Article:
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6 December 2005

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Tax Court finds anti-avoidance rules not violated

On 3 November 2005, the Tax Court of Canada released its judgment in Univar Canada Ltd. v. The Queen 2005 TCC 723. The Court found that Canada's anti-avoidance rules were not violated in circumstances where a Canadian subsidiary of a US parent financed the parent's European operations through the use of a lending subsidiary in Barbados.


Univar Canada Ltd. (Univar) primarily carried on the business of industrial and agricultural chemical processing and distribution. It was part of the Univar group of corporations (UC-Group). The parent company of the group (UC) was located in the United States. In the early 1990s, there were a number of problems within UC-Group:

Univar had excess cash. This resulted in the need for long-term investment opportunities that would produce a higher rate of return than the interest rate on Canadian Bankers' Acceptance Notes;

Univar was under leveraged. UC wanted the company's debt-to-equity ratio to be 1:1 in that if the business was under-leveraged (i.e., too little debt), it was not fully utilizing its capital;

Univar had a guarantee fee issue. Univar was a guarantor for debts of UC and its wholly owned US subsidiary, the operating company. This exposed it to possible income inclusion by the Minister of National Revenue in respect of a guarantee fee;

UC was also advised by its solicitors that US law would deem UC to have received a dividend, on most, if not all, of Univar's earnings and related deemed taxes;

There was a further issue with debt. Univar Europe borrowed funds from its shareholders and loaned the proceeds of those loans to the UK and Swedish operating companies. Some loans were interest bearing and others non-interest bearing. As a result, UC was holding a disproportionate amount of UC-Group's debt and was looking for strategies where it could equalize the debt-to-equity ratios throughout UC-Group as a whole; and the guarantee arrangements above also triggered US foreign tax credit rules and limitations on their use. They had excess foreign tax credits that could not be used as they could be used only to the extent of "qualifying foreign source income".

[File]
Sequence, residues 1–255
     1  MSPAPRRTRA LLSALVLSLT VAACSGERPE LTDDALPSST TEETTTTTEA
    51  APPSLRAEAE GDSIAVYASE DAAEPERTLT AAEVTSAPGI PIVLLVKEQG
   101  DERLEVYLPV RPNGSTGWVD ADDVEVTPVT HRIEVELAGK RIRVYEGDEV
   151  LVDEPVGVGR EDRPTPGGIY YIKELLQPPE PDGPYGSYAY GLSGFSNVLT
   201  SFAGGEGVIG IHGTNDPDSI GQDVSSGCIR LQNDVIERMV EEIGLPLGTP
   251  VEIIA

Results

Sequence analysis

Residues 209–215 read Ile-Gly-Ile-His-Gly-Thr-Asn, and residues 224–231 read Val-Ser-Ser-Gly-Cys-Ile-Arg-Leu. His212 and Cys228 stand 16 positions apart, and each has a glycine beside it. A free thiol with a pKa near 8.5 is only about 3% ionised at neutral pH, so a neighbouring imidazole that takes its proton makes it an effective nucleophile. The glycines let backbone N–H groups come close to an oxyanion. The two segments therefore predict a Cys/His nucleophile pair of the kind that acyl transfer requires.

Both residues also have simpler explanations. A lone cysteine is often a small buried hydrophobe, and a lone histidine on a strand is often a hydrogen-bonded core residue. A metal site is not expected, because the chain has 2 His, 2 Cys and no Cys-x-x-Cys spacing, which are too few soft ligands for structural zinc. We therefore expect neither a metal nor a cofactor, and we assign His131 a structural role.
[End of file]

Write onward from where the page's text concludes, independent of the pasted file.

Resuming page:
They developed the following strategy to address the above:

-   the number of tiers within UC-Group in Europe would be reduced;
a greater amount of the European loans would be restructured into interest bearing obligations so the operating companies would bear their proportionate amount of UC-group's debt and the notes receivable would become an attractive investment;
-   Univar and Univar Europe would enter into a Multi-Currency Line of Credit;
-   Univar would establish and capitalize an international financing subsidiary in a jurisdiction which had a corporate tax rate of less than 90% of the prevailing US corporate federal tax rate and would have no existing retained earnings or profits ("NEWCO");
-   NEWCO would purchase the notes receivable from UC, earn interest income thereon and pay dividends to Univar;
-   Univar would use a combination of excess cash and borrowed funds to capitalize NEWCO and thereby improve its debt-to-equity ratio while still generating a good return on its investment; and
-   these solutions would also address a number of US tax issues

Barbados was chosen as the jurisdiction in which to incorporate NEWCO. UC would then pay interest to NEWCO which, after tax and administrative costs, would pay the remainder, as a dividend, to Univar. The interest to NEWCO would be active business income and Univar would, accordingly, be entitled to deduct the appropriate amount pursuant to Sec. 113(1)(a) of the Canadian Income Tax Act.


The primary issue was whether the principal purpose for the acquisition by Univar of shares of NEWCO was to permit Univar to avoid, reduce or defer the payment of tax that would otherwise be payable under the Canadian Income Tax Act within the meaning of Sec. 95(6)(b) with the result that NEWCO would not be a foreign affiliate of Univar, and, therefore dividends received by Univar from NEWCO would not be deductible under Sec. 113(1). In the alternative, the Court considered whether Canada's general anti-avoidance rule in Sec. 245(3) applied. The imposition of penalties was also at issue.


The Court concluded that it cannot, under Sec. 95(6)(b), be reasonably considered that the principal purpose for the acquisition of the shares of NEWCO was to permit Univar to avoid, reduce or defer the payment of tax or any other amount that would otherwise be payable under the Canadian Income Tax Act. Further, there was no avoidance transaction within the meaning of Sec. 245(3). The penalties should also be reversed.

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